Although "Destiny" is breezier and and more enjoyable than typical episodes, it's hard to ignore a major flaw that has plagued the season: Savage is such a non-factor. Also, shouldn't the Oculus have been destroyed earlier? At least half of this season's episodes feel like filler.
As the team quickly learns, destroying the Oculus won't be easy. Remember how the Time Masters have manipulated them every step of the way? Well, it happens again. When the team shows up, they find themselves in a trap. Their capture has been preordained. But what hasn't? Jax's intervention.
In last week's episode, Professor Stein forced Jax to use the jump ship to reverse the effects of the temporal distortion, which caused him to age at an accelerated rate. It works, but Professor Stein starts to grow unstable. If he doesn't merge with Jax soon, he'll die. Back in 2016, Jax meets up with past-Professor Stein, who is momentarily freaked out. With his help, Jax is able to adjust the jump ship and save the crew before the Time Masters lay waste to them.
The relationship between Jax and Professor Stein has proven to be an important aspect of the heart of Legends of Tomorrow. I love the rapport between Victor Garber and Franz Drameh; they have great chemistry and there's an interesting father-son dynamic at play in their performances. I really hope to see more of these two characters next season, if only because they add something different to the team. Seeing them form into Firestorm toward the end of the episode is a small reminder that when this show works, it's an utter joy to watch. Unfortunately, that seems all too rare.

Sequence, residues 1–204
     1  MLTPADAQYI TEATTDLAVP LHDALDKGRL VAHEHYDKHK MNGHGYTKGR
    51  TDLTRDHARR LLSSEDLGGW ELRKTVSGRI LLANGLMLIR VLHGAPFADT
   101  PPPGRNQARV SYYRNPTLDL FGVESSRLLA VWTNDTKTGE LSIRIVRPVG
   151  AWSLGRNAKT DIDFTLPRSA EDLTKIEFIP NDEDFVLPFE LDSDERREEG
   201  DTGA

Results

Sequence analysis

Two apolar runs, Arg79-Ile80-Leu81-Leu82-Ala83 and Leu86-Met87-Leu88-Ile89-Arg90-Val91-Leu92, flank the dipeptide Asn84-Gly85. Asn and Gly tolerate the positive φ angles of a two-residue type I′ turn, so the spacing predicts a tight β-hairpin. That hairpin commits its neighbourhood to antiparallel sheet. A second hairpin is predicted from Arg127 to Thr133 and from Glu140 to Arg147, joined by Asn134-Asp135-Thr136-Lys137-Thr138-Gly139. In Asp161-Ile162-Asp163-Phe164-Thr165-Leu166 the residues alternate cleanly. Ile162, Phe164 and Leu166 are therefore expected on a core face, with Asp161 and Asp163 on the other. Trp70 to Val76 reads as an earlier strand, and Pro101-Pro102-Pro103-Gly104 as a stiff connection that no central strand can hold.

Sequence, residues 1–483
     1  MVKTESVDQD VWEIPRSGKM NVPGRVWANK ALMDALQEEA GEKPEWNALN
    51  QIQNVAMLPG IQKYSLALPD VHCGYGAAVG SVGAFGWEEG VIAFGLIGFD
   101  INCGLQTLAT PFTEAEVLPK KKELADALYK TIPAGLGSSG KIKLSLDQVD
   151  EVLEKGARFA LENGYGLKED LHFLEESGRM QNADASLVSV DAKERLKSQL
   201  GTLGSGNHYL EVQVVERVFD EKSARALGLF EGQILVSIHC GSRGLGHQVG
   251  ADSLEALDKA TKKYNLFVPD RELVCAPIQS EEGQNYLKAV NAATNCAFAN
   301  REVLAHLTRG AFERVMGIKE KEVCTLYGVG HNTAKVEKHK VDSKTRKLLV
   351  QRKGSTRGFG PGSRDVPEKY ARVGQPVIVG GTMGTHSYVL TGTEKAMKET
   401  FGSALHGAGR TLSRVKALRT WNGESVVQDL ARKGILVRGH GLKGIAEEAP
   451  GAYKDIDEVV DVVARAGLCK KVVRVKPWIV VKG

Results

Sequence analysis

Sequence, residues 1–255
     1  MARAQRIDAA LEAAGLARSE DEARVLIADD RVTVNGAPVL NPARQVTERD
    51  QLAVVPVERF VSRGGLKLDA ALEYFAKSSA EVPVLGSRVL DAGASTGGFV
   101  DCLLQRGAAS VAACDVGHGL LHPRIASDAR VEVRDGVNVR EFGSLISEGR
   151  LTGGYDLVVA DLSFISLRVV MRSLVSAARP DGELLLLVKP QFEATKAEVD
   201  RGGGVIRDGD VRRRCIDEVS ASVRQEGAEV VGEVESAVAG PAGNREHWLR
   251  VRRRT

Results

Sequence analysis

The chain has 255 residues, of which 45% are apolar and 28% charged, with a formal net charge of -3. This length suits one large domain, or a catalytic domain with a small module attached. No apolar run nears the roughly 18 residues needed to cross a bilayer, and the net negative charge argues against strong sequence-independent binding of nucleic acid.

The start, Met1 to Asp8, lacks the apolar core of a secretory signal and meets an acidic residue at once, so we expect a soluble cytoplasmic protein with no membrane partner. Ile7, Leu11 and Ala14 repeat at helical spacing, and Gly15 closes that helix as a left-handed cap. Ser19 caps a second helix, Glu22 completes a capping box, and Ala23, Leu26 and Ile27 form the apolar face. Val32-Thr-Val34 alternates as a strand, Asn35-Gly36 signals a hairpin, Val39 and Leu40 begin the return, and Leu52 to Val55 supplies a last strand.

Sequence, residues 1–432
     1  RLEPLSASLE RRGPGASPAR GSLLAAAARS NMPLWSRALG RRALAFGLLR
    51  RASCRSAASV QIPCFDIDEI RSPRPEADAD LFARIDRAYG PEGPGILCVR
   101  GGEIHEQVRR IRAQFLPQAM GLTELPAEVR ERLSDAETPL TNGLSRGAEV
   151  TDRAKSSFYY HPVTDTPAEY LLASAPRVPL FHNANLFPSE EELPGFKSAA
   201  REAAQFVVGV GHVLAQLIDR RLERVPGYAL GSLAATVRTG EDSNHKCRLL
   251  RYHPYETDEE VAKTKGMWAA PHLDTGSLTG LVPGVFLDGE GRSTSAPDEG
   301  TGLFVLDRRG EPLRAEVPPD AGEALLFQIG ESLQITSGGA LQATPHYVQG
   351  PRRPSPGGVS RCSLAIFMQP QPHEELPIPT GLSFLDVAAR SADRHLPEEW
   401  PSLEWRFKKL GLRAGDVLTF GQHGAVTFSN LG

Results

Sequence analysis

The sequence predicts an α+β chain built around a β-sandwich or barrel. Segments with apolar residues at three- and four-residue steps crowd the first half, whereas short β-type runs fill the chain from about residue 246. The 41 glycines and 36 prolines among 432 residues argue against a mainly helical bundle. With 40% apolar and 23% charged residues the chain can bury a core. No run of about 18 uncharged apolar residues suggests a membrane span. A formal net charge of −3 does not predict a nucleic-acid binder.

While Ray tinkers with the Oculus, Hunter is reminded of witnessing Ray's death. They learn that, for the plan to work, someone needs to be present with the Oculus when it's destroyed. One team member will have to die. Will it be Ray? He's been has been a sore point for Legends of Tomorrow since the beginning. Although he was a refreshing presence on Arrow, he has devolved into the dumbest genius on television. It'd be no great loss if he dies.
But Mick decides he'd rather sacrifice himself instead. He's out for vengeance with the Time Masters, which is understandable. If there is any character the show can cut loose, aside from the trifecta of boring that is Kendra, Carter, and Savage, it's Ray. Just when we think Mick is going to sacrifice himself, Leonard knocks him out to take his place — killing off Druce and some other lackeys in the process. "There are no strings on me," he says before the Oculus explodes. He gets a kiss from Sara before he martyrs himself, which I guess is supposed to make up for everything else?
Throughout the first season, Leonard has the most fleshed-out character arc. He's undoubtedly the best character on the show. Somehow, Wentworth Miller's performance marries outright ridiculous lines, scene-chewing excellence, and legitimately interesting emotional beats. He's exactly the kind of character that the CW's DC shows need when they introduce anti-heroes. It's a tremendous shame to lose him.
In the end, the Oculus is destroyed. Gideon can't review the timeline, Savage no longer has the backing of the Time Masters, and the team's destiny is finally in their own hands. But was it worth Leonard's life? His sacrifice isn't necessarily surprising, but the execution feels clumsy at best. If you're going to kill off your best character, create a stronger setup!
There is some good news, though: After this episode aired, Deadline reported that Wentworth Miller will regularly appear on all of the CW's DC shows in some capacity. Leonard will be back, thankfully. Unfortunately, that doesn't distract from his poorly written death in an episode that lacked dramatic tension. Hopefully, next week's finale will finish on a stronger note.